The first one is the parable of the sower. This is a really interesting parable; sowing seeds is a common event in people’s lives. The second is the parable of the tares. As far as what tares are, anyone who has planted crops and adults will know. The third is the parable of the mustard seed. All of you know what mustard is, right? If you don’t know, you can have a look through the . For the fourth one, the parable of the leaven, most people know that leaven is used for fermentation; it’s something that people use in their daily lives. All of the parables below, including the sixth, the parable of the treasure, the seventh, the parable of the pearl, and the eighth, the parable of the net, are all drawn from people’s lives; they all come from people’s real lives. What kind of picture do these parables paint? This is a picture of God becoming a normal person and living alongside mankind, using the language of a normal life, using human language to communicate with humans and to provide them with what they need. When God became flesh and lived among mankind for a long time, after He had experienced and witnessed people’s various lifestyles, these experiences became His textbook for transforming His divine language into human language. Of course, these things that He saw and heard in life also enriched the Son of man’s human experience. When He wanted to get people to understand some truths, to get them to understand some of God’s will, He could use parables similar to the ones above to tell people about God’s will and His requirements of mankind. These parables were all related to people’s lives; there was not a single one that was out of touch with human lives. When the Lord Jesus lived with mankind, He saw farmers tending their fields, He knew what tares were and what leavening was; He understood that humans like treasure, so He used the metaphors of both the treasure and the pearl; He frequently saw fishermen casting their nets; and so on. The Lord Jesus saw these activities in mankind’s lives, and He also experienced that type of life. He was the same as every other normal person, experiencing humans’ three meals a day and daily routines. He personally experienced the life of an average person, and He witnessed the lives of others. When He witnessed and personally experienced all of this, what He thought of wasn’t how to have a good life or how He could live more freely, more comfortably. When He was experiencing an authentic human life, the Lord Jesus saw the hardship in people’s lives, He saw the hardship, the wretchedness, and the sadness of people under the corruption of Satan, living under the domain of Satan, and living in sin. While He was personally experiencing human life, He also experienced how helpless people were who were living amongst corruption, and He saw and experienced the misery of those who lived in sin, who were lost in the torture by Satan, by evil. When the Lord Jesus saw these things, did He see them with His divinity or His humanity? His humanity really existed—it was very much alive—He could experience and see all of this, and of course His essence, His divinity saw it as well. That is, Christ Himself, the Lord Jesus the man saw this, and everything He saw made Him feel the importance and the necessity of the work He had taken on this time in the flesh. Even though He Himself knew that the responsibility He needed to take on in the flesh was so immense, and how cruel the pain He would face would be, when He saw mankind helpless in sin, when He saw the wretchedness of their lives and their feeble struggles under the law, He felt more and more grief, and became more and more anxious to save mankind from sin. No matter what kind of difficulties He would face or what kind of pain He would suffer, He became more and more resolute to redeem mankind living in sin. During this process, you could say that the Lord Jesus began to understand more and more clearly the work He needed to do and what He had been entrusted with. He also became increasingly eager to complete the work He was to take on—to take on all of mankind’s sins, to atone for mankind so that they no longer lived in sin and God would be able to forget man’s sins because of the sin offering, allowing Him to further His work of saving mankind. It could be said that in the Lord Jesus’ heart, He was willing to offer Himself up for mankind, to sacrifice Himself. He was also willing to act as a sin offering, to be nailed to the cross, and He was eager to complete this work. When He saw the miserable conditions of human’s lives, He wanted even more to fulfill His mission as quickly as possible, without the delay of a single minute or second. When He had such a feeling of urgency, He was not thinking of how great His own pain would be, nor did He think any longer of how much humiliation He would have to endure—He held just one conviction in His heart: As long as He offered up Himself, as long as He was nailed to the cross as a sin offering, God’s will would prevail and He would be able to commence new work. Mankind’s lives in sin, their state of existing in sin would be completely changed. His conviction and what He was determined to do were related to saving man, and He had only one objective: to carry out God’s will, so that He could successfully begin the next step in His work. This was what was in the Lord Jesus’ mind at the time.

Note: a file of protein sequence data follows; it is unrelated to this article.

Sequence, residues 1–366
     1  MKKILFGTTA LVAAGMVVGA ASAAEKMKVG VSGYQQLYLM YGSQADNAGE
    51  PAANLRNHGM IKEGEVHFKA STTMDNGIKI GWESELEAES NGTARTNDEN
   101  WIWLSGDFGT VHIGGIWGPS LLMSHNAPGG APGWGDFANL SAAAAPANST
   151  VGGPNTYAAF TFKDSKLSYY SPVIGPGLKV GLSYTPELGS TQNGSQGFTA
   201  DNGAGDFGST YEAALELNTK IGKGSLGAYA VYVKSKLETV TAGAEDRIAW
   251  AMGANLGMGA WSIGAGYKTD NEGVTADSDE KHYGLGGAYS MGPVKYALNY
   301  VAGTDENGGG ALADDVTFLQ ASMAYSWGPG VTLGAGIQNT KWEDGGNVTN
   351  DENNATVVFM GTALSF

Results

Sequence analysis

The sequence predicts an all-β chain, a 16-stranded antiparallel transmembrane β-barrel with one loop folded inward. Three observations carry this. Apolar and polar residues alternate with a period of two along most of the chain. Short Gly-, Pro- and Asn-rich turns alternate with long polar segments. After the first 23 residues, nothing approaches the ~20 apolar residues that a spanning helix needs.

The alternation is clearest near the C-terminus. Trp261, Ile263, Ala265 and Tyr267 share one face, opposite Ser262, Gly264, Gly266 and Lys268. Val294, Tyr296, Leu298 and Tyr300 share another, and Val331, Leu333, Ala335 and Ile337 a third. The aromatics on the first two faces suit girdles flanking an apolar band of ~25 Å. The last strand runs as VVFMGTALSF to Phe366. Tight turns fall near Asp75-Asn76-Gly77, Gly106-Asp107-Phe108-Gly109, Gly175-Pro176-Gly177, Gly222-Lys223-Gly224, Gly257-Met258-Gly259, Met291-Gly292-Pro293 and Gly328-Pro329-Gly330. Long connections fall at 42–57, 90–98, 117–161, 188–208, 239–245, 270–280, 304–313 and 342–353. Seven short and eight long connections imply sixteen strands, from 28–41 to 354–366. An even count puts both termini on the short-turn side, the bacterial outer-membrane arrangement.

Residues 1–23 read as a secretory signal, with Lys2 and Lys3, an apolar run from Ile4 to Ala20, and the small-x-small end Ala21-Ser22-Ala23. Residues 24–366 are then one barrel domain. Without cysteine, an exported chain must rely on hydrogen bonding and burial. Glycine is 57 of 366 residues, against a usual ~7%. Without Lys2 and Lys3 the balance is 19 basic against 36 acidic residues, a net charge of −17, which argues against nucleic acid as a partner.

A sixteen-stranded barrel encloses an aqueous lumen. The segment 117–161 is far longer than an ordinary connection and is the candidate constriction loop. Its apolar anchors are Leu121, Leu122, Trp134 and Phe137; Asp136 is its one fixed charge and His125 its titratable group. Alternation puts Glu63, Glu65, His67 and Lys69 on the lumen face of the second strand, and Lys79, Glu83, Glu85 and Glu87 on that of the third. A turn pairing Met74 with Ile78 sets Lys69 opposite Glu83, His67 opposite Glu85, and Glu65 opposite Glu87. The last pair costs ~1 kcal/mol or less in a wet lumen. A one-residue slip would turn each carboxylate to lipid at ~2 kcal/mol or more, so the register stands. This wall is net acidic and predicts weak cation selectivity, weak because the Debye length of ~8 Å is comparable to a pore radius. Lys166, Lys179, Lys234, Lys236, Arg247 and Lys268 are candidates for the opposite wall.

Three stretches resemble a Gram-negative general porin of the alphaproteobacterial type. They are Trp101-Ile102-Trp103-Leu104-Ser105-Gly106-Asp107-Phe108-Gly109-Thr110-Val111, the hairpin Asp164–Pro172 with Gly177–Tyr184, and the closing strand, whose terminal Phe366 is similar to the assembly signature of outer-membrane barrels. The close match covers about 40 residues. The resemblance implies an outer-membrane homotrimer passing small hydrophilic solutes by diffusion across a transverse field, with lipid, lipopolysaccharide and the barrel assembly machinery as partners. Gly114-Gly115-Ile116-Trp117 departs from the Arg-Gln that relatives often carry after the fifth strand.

Living in the flesh, the incarnate God possessed normal humanity; He had the emotions and the reasoning of a normal person. He knew what happiness was, what pain was, and when He saw mankind in this type of life, He deeply felt that merely giving people some teachings, providing them with something or teaching them something could not lead them out from sin. Neither could just having them obey the commandments redeem them from sin—only when He took on humanity’s sin and became the likeness of sinful flesh could He exchange it for mankind’s freedom, and exchange it for God’s forgiveness for mankind. So after the Lord Jesus had experienced and witnessed men’s lives in sin, there was an intense desire that manifested in His heart—to allow humans to rid themselves of their lives of struggling in sin. This desire made Him feel more and more that He must go to the cross and take on humanity’s sins as soon as possible, as quickly as possible. These were the thoughts of the Lord Jesus at that time, after He had lived with people and seen, heard, and felt the misery of their lives in sin. That the incarnate God could have this kind of will for mankind, that He could express and reveal this kind of disposition—is this something an average person could have? What would an average person see living in this type of environment? What would they think? If an average person faced all of this, would they look at problems from a high perspective? Definitely not! Although the appearance of is exactly the same as a human, He learns human knowledge and speaks human language, and sometimes He even expresses His ideas through mankind’s means or expressions, the way He sees humans, the essence of things, and the way corrupt people see mankind and the essence of things are absolutely not the same. His perspective and the height at which He stands is something unattainable for a corrupt person. This is because God is truth, the flesh that He wears also possesses the essence of God, and His thoughts and that which is expressed by His humanity are also the truth. For corrupt people, what He expresses in the flesh is all a provision of the truth, and of life. These provisions are not just for one person, but for all of mankind. For any corrupt person, in his heart there are only those few people who are associated with him. There are only those several people who he cares about, who he is concerned about. When disaster is on the horizon he first thinks of his own children, spouse, or parents, and a more philanthropic person would at most think of some relative or a good friend; does he think of more? Not ever! Because humans are, after all, humans, and they can only look at everything from the perspective and from the height of a person. However, God incarnate is entirely different from a corrupt person. No matter how ordinary, how normal, how lowly God’s incarnate flesh is, or even how much people look down on Him, His thoughts and His attitude toward mankind are things that no man could possess, and no man could imitate. He will always observe mankind from the perspective of divinity, from the height of His position as the . He will always see mankind through the essence and the mindset of God. He absolutely cannot see mankind from the height of an average person, and from the perspective of a corrupt person. When people look at mankind, they look with human vision, and they use things such as human knowledge and human rules and theories as a measure. This is within the scope of what people can see with their eyes; it’s within the scope that corrupt people can achieve. When God looks at mankind, He looks with divine vision, and He uses His essence and what He has and is as a measure. This scope includes things that people cannot see, and this is where God incarnate and corrupt humans are entirely different. This difference is determined by humans’ and God’s different essences, and it is these different essences that determine their identities and positions as well as the perspective and height from which they see things. Do you see the expression and revealing of God Himself in the Lord Jesus? You could say that what the Lord Jesus did and said was related to His ministry and to God’s own management work, that it was all the expression and revealing of God’s essence. Although He did have a human manifestation, His divine essence and the revealing of His divinity cannot be denied. Was this human manifestation truly a manifestation of humanity? His human manifestation was, by its very essence, entirely different from the human manifestation of corrupt people. The Lord Jesus was God incarnate, and if He had truly been one of the regular, corrupt people, could He have seen mankind’s lives in sin from a divine perspective? Absolutely not! This is the difference between the Son of man and regular people. Corrupt people all live in sin, and when anyone sees sin, they don’t have any particular feeling about it; they are all the same, just like a pig living in the mud that doesn’t feel at all uncomfortable, or dirty—it eats well, and sleeps soundly. If someone cleans the pigsty, the pig actually won’t feel at ease, and it won’t stay clean. Before long, it will once again be rolling around in the mud, completely comfortable, because it is a filthy creature. When humans see a pig, they feel it’s filthy, and if you clean it up, the pig doesn’t feel better—this is why no one keeps a pig in their house. The way humans see pigs will always be different from how pigs themselves feel, because humans and pigs are not of the same kind. And because the incarnate Son of man is not of the same kind as corrupt humans, only God incarnate can stand from a divine perspective, and stand from the height of God to see mankind, to see everything.